Sugar,Carbs,Insulin....What??

April 24, 2016

This one can get confusing for the newbie and even long term participants to the ancestral health world. Information from all sides and conflicting recommendations can make the transition difficult and confusing so I am going to try and keep it as simple as I can.

 

Sugar comes in many forms other than the granulated white stuff you immediately picture when you think of it. Although they are different and coming from different sources the body does not differentiate between them or how it deals with them. Sugar from a teaspoon or from an apple has the same raising effect on blood glucose levels, however depending on the source this happens to varying degrees. 

 

Note:This response was the basis for the Glycemic Index (GI) table. GI is a measurement of the speed of which a carbohydrate source raises blood glucose. Not to be confused with Glycemic load (GL) which is the total carbohydrate of a food.

 

When the blood glucose levels rise the pancreas is signalled to produce Insulin. Insulin is a hormone that is important in blood sugar regulation, it transports glucose into the muscle cells for energy, It also signals the body to store excess in the liver for future use and starts to store body fat as we clearly have a lot of food if all this energy is coming in, so best hold some back for when we don't.

 

Type 1 diabetics have to inject insulin  to control blood sugar as the dont have the ability to produce it themselves.

 

Type 2 diabetics however have a dysregulation or resistance to insulin. This is where the cells no longer respond to the effects due to the constant bombardment of sugar They don't accept the signals and blood glucose levels rise  (Hyperglycemia), the bodies response to this is produce more insulin, and the cycle continues.

 

What is the problem with high blood glucose?

 

It gets converted to fat! When blood glucose and glycogen stores in the liver become full the body converts them into fat (Triglycerides) and ends up in fat cells on the body in all the places people don't want them. This is why all of the carbohydrate rich food that we have constant access to is the real culprit to the obesity problem we are seeing not the fat.

 

Cutting out the processed junk and keeping to lower carbohydrate options helps to regulate blood glucose levels, getting us off the high and low sugar crash feed me more cycle. This allows our fat burning metabolism to switch on giving us a much more sustainable energy source, We can't access our fat stores in the presence of insulin and the body will use glucose first as a form of energy as it is easy to burn but it is important to know that there is no essential nutritional requirement for carbohydrate the body can produce all it needs.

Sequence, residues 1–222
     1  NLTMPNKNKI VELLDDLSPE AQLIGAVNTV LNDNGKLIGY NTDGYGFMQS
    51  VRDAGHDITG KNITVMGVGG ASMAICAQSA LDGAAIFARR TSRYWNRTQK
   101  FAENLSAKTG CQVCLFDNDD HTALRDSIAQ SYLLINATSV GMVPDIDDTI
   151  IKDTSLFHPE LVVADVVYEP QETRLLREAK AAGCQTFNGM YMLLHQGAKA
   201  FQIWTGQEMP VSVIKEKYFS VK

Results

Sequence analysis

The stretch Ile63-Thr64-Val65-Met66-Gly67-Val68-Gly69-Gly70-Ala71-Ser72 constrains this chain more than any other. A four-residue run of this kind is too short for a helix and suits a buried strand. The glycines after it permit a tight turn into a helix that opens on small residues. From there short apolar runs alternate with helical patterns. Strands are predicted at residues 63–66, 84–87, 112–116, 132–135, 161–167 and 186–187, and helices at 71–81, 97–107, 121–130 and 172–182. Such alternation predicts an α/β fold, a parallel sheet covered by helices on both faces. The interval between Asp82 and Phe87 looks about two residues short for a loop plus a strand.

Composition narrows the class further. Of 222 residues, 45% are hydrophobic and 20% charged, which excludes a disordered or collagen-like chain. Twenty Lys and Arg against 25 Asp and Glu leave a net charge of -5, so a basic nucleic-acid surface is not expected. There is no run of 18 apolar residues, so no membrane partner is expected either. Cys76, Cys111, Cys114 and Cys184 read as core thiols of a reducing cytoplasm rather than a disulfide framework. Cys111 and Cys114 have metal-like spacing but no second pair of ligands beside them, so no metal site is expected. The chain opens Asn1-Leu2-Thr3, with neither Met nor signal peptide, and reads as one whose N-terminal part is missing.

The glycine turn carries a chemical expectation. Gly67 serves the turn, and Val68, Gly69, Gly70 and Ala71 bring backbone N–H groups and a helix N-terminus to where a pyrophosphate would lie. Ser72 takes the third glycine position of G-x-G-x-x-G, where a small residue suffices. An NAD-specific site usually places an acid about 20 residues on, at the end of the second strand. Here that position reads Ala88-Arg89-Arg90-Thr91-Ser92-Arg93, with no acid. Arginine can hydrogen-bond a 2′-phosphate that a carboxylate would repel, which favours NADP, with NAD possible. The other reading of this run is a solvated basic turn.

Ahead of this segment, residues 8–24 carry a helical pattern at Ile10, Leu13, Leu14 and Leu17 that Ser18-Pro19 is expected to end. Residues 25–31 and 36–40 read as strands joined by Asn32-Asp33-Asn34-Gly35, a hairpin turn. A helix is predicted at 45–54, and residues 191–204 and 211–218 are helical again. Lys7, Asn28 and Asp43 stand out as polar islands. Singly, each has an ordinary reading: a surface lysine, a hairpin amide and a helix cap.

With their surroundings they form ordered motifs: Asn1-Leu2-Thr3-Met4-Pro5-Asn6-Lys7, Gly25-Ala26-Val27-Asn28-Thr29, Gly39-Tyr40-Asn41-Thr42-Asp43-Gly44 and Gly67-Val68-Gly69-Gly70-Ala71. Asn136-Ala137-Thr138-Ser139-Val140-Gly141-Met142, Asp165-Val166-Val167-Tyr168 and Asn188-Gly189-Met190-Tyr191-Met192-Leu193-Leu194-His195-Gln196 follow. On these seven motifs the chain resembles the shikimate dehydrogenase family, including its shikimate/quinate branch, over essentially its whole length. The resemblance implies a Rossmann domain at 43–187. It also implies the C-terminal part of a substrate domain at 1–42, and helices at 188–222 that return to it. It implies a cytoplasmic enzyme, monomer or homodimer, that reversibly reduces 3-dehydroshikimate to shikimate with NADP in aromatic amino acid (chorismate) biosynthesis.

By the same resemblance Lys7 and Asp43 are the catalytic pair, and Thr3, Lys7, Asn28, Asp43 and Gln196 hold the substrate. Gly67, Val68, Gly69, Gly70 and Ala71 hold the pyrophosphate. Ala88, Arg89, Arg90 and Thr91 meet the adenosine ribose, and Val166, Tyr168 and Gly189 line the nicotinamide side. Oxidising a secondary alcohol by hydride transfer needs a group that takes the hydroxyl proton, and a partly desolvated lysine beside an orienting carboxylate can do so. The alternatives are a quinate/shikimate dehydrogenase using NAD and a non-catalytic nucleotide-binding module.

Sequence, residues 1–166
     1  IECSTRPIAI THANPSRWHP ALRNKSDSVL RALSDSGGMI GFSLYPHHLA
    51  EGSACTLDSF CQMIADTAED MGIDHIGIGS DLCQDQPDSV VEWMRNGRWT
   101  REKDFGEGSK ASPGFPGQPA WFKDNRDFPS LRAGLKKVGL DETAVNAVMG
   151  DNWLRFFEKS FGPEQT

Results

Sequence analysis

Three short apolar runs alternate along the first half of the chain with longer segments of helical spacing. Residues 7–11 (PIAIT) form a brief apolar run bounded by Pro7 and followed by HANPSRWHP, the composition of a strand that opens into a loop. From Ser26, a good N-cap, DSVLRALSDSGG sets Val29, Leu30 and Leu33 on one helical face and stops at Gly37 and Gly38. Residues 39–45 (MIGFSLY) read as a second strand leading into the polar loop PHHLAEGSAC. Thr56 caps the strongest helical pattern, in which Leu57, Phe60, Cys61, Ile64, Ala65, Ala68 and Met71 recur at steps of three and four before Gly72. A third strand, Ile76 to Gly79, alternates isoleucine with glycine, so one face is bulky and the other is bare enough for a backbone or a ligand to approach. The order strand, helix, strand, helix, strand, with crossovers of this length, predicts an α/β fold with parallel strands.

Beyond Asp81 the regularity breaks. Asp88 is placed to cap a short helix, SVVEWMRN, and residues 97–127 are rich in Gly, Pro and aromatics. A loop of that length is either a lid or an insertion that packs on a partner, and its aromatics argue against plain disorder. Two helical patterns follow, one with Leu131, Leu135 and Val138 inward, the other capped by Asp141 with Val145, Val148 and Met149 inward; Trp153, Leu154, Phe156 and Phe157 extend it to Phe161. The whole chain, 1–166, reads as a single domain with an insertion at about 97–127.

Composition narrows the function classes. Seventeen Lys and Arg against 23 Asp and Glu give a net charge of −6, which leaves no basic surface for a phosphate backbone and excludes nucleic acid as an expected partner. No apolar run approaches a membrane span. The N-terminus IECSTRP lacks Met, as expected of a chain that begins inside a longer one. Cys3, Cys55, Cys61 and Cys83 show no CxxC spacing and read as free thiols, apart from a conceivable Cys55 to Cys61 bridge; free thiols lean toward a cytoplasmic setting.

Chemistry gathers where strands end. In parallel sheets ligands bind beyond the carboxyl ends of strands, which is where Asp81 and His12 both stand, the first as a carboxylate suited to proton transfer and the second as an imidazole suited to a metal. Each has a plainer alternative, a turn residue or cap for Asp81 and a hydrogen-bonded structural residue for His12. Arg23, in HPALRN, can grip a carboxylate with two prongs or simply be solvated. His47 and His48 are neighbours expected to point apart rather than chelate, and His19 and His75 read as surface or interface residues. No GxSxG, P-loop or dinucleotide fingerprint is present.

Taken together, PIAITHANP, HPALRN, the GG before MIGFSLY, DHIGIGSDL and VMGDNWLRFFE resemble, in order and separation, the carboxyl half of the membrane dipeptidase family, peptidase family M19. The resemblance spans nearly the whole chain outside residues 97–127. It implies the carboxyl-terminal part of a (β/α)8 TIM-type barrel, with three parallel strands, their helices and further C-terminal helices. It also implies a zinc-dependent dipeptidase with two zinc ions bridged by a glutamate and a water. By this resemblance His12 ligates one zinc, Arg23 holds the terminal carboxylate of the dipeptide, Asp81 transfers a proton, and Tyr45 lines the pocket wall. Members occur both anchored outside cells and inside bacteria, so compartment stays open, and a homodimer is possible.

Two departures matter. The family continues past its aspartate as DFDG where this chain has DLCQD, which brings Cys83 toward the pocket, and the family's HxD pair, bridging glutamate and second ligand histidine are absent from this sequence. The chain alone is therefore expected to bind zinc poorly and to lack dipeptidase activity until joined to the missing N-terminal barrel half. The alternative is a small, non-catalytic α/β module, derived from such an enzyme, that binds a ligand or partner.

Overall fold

But what about during exercise?

 

For the majority of the population and especially those trying to lose weight you do not need extra carbohydrates for exercise. I regularly see the overweight person walking on a treadmill swigging back a sports drink thinking it will help in their workout, But think about it they will have to burn through all that glucose and bodily stores before they even begin to break into the fat stores they are trying so hard to shift.

 

There are some cases where an extra bit of carbohydrate can be of help, but only in highly glycolytic sports like MMA, powerlifting or sprinting, Fast high intensity type of work does require the fast acting glucose to a greater extent. There are many high end endurance athletes however who are now getting off the carb loading ideas that have been with them for years and switching to fat as a fuel, many going into ketogenic approaches and getting great results. 

 

Primal eating can really help regulate blood glucose and decrease the risk of developing diabetes. At the same time allowing your body to start burning fat as a fuel keeping you sustained for longer and helping you stay lean. You can hopefully forget about the mid morning crash and need to visit the vending machine for a sugar hit just by cutting out the junk and keeping to lower carbohydrate options like leafy green veg, meat and good fats.

 

I hope this makes sense, as I said at the start it can be confusing so if you have any questions please get in touch and I will try and clear things up.

 

Keep it Primal

 

Dean

 

Further reading:

 

The Art and Science of Low Carbohydrate Performance - Volek PhD,RD, Jeff S. and Phinney MD,PhD, Stephen D

 

Primal Blueprint - Mark Sisson

 

 

 

 

 

 

 

 

 

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